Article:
There was a time when progressives could argue, with a straight face, that they were for the “little guy”, that their policies, their ideas, were being offered to help Main Street and Main Street’s working families. Sadly, this is not the case any more. In 2015, it’s ideology uber alles—and in this brave new world, the little guy is almost always on the short end of the stick, especially when it comes to ideologues trying to fundamentally remake the financial services sector.
Little guys use financial services, too—whether it’s the unbanked trying to cash paychecks but finding themselves unable to because check cashing services have been bullied out of existence. Or folks trying to rebuild their credit, but finding themselves limited in the kinds of pre-paid credit cards they can get because new, ideologically-driven proposals are making it harder for those cards to be offered. Or, in this instance, those who are looking for solid, smart, long-term investments like bonds, but who may find that marketplace barren thanks to a federal judge in New York, and an ideologue-turned-senator who is single-handedly trying to sink a legislative fix to a judge’s activist decision.
The common-demoninator in all of this is that Senator, Elizabeth Warren (D-MA), whose work as head of the Consumer Financial Protection Bureau started us down this path. The CFPB, supposedly in the business of protecting consumers, has instead been irreparably harming them by substantially reducing consumer choices in a free marketplace (while at the same time racking up scandal after scandal).
But here we have Sen. Warren following the lead of Federal District Court Judge Shira Scheindlin (no relation to Judge Judy). Judge Scheindlin has ruled in a series of cases that, contrary to a 1939 federal law called the “Trust Indenture Act”, that there must be unanimity among bondholders before a debt can be restructured.
Let’s be clear as to what this means, since were talking about two interconnected principles of democratic corporate governance. The first is that two parties ought to be able to negotiate over business practices (provided the practices are lawful) without the interference of the government. The second is that, when it comes to corporate stewardship, majority rules on a governing board.
Certainly, this is the concept of the TIA—which, since 1939, has allowed for bondholder and debtors to negotiate over fulfillment options should business circumstance change. And it allowed for the bondholders to operate on the concept of majority rule in terms of renegotiation—with good reason, too, because you do not want the bonds to become worthless as a result of a minority of board members or bondholders holding a negotiation hostage.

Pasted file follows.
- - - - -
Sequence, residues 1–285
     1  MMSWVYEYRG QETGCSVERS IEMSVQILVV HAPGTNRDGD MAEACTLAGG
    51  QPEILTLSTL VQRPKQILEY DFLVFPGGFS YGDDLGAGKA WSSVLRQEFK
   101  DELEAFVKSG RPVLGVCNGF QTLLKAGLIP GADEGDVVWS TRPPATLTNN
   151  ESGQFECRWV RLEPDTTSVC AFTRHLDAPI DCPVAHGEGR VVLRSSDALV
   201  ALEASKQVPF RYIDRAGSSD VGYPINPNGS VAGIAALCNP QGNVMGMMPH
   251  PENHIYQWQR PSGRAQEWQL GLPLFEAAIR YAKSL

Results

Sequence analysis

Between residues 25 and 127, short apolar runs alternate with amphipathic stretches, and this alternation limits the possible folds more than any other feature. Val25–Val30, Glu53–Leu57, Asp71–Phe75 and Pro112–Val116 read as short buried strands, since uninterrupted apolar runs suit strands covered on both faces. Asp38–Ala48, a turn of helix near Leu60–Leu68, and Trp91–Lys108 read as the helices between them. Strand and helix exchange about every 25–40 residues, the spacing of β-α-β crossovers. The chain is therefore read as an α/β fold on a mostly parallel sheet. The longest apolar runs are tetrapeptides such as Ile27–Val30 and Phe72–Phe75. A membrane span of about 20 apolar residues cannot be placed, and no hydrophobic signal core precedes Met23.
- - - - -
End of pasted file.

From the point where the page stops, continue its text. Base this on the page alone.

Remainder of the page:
Sometimes, over the course of a business’ life-cycle, debts need to be renegotiated. There can be a whole host of perfectly legitimate reasons for this, and sensible people understand that concept—both investors and corporate governors. The most important thing is for the debt to not go unpaid, and this is why bondholders and debtors will frequently renegotiate—and will do so privately, between the two parties at issue.
But Judge Scheindlin’s ruling throws this all out—the ability for private renegotiation, the idea that majority rules(except with regard to principal and interest), the core principles of the 76-year-old TIA. When Congress wanted to restrict majority rule they did it narrowly and specifically with respect to principle and interest. Scheindlin’s activist ruling has substituted her own judgment for that of Congress.
In a show of sensibility, Congress was actually going to do something positive, to actually reaffirm, via federal law, that these principles would remain operative, and was moving to pass the Solvency and Restructuring Efficiency Act of 2015. There is bipartisan support for including a provision in the Omnibill that would overturn Judge Scheindlin’s activism.
Unfortunately, sensibility cannot rear its ugly head in Washington without some leading luminary working overtime to ensure that it gets beaten back. In this instance, it’s the foremost of the usual progressive suspects, Sen. Warren, taking to the usual progressive mouthpieces to spin sensible policy into the traditional leftist bogeyman: a Wall Street insider deal.
Here’s the problem: like other so-called progressive reactions undertaken to either pass something in the name of consumers or oppose something in the name of consumers, this, too, will have a devastating impact on the “little guy”.
Why would any borrower undertake a debt obligation if there were no ability to renegotiate, in good faith (and without interference from a costly court involvement)? Why would any group of investors offer such traditionally solid financial products like bonds if they didn’t have some ability to privately negotiate with their debtholders over the possibility to repay? And why would anyone get involved with the governance of these financial deals if their fiduciary duties could be held hostage by a group of minority investors whose motivations may be something other than a maximized return on investment?